Natsume Yūjin-Chō Go
by Lauren Orsini,
Natsume Yujin-cho Roku may be over, but every couple of months, we wake up to a treat: a new OVA posted under the previous season, Natsume Yujin-cho Go. Like the previous “One Night's Cups,” “Banquet of Play” centers around a yokai drinking party and stars Natsume and Nyanko-sensei. As with most yokai-focused episodes, the central conflict is simple, almost childish, but at the same time divulges something about human nature. It had its humorous moments, but lacked the bittersweet reveal I'm accustomed to leaving the episode with.
As usual, the animation isn't anything special, but the art's attention to detail makes that irrelevant. From the beginning of the episode, the anime's attunement with nature is clear—we can instantly tell that it's chilly out from Natsume's winter uniform and the misty mountains visible out the window, both in Natsume's home and classroom. Natsume's overactive imagination compels him to check on his literal party-animal cat. He sees Nyanko diving into a spooky abandoned mansion and, by this point, simply no longer has the preservation instinct that would make him say “hell no” to that. But this is Natsume Yujin-cho, so his life isn't in danger—instead he gets caught up in a three-day game of yokai hide and seek.
“Is this the game called hide and seek?” Natsume asks rhetorically, just in case viewers still had any doubts about how crappy his childhood was. He's remarkably composed for a teen walking around a creepy old house—according to horror movies at least, this is the number one cause of death for teens. The OVA chooses to include no music at all here, just the creaks and settling sounds of an old house, which certainly lowers the fear factor. All of the most chilling episodes of Natsume Yujin-cho, and I'm thinking especially of the stand-out “Nitai-sama” here, emphasized a scary situation with eerie music to bring home the point. But without anything to be scared about, the tension is gone—now Natsume is left with a situation that's merely inconvenient, as he's forced to play a tiresome game every time he closes his eyes to fall asleep. The main yokai's explanation is even less helpful than usual, as he claims he invited Natsume to play the game with them “for no real reason.” He does acknowledge Natsume's compassion, but there's no more depth than that, and certainly nothing that makes us relate to this new character's humanity.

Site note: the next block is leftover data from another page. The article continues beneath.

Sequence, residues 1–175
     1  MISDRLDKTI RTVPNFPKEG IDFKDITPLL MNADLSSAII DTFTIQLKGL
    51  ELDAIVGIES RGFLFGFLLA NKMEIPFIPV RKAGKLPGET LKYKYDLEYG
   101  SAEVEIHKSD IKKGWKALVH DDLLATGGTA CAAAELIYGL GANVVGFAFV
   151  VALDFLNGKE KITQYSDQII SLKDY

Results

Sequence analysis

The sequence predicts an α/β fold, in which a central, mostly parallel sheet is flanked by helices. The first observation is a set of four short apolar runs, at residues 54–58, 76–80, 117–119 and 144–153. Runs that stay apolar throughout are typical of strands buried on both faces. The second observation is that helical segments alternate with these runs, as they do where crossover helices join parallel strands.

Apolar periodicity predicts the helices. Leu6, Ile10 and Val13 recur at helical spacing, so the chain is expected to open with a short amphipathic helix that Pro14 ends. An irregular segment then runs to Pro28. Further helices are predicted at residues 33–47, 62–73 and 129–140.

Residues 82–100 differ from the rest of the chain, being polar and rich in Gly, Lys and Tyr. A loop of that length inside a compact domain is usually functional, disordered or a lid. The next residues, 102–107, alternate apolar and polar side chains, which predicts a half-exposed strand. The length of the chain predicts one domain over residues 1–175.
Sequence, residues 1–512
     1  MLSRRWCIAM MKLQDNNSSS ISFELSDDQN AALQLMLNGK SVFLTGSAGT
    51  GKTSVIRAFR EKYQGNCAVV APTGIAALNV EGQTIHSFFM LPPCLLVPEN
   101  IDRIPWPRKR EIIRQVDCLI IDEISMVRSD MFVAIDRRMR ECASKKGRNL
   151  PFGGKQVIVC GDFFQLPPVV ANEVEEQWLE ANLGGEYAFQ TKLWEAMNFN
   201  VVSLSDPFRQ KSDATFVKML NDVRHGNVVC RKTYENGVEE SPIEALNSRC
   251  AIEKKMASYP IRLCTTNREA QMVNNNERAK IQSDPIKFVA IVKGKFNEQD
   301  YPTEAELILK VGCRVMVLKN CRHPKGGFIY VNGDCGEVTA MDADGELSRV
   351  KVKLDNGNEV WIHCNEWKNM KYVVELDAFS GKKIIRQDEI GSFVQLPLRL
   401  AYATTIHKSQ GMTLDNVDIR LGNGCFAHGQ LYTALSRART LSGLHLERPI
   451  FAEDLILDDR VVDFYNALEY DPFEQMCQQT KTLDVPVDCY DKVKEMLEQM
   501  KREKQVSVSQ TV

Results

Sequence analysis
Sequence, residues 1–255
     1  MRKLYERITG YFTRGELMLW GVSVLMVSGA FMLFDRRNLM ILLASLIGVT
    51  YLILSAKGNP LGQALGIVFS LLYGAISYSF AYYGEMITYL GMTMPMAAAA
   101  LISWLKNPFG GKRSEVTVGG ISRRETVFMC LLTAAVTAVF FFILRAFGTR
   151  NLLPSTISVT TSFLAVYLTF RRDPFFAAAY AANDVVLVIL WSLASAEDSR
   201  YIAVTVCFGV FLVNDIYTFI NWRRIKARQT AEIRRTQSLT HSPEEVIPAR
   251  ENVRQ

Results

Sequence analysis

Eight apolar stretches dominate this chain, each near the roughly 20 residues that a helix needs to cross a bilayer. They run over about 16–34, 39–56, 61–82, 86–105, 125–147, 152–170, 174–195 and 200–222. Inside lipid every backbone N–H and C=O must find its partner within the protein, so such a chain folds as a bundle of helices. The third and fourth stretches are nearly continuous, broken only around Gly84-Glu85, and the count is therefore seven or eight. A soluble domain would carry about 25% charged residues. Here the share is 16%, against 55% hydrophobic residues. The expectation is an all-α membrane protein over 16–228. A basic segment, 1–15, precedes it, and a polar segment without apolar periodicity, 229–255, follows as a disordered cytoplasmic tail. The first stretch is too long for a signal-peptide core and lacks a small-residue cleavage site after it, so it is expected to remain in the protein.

Without a touching revelation to look for, the episode falls back on humor. The “Dog's Circle” of Natsume's protectors is as delightful as usual. Nyanko-sensei is mostly absent, but it's all in preparation for one final gag. It's a perfectly entertaining standalone OVA that shows off the antics of the yokai who play the most prominent roles in Natsume's life. But it lacks the emotional reward that has come to characterize the Natsume Yujin-cho series, especially as it has crept into later seasons. Longtime fans will definitely want to watch this as the latest chance to revisit Natsume's world, but be prepared for yokai diversions and not much else—it isn't the kind of episode that stays with you afterwards.
Natsume Yūjin-Chō Go is currently streaming on Crunchyroll.
Lauren writes about geek careers at Otaku Journalist.
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